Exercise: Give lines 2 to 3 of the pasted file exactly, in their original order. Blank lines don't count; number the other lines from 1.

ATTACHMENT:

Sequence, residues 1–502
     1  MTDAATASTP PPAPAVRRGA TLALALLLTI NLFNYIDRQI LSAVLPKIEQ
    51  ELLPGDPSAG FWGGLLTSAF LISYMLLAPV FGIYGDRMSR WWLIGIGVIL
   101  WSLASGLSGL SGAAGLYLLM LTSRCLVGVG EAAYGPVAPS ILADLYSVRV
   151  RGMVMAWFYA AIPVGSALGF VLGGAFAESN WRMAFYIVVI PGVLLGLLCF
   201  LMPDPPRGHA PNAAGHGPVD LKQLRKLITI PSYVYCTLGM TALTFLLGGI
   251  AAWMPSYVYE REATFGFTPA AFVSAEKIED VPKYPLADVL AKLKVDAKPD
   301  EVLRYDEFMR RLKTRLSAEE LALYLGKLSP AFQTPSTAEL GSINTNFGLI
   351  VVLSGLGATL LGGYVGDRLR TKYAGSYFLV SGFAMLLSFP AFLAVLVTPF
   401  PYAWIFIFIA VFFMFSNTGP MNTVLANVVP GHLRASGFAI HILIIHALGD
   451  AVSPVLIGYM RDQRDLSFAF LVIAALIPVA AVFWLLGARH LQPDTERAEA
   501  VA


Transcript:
     1  MTDAATASTP PPAPAVRRGA TLALALLLTI NLFNYIDRQI LSAVLPKIEQ
    51  ELLPGDPSAG FWGGLLTSAF LISYMLLAPV FGIYGDRMSR WWLIGIGVIL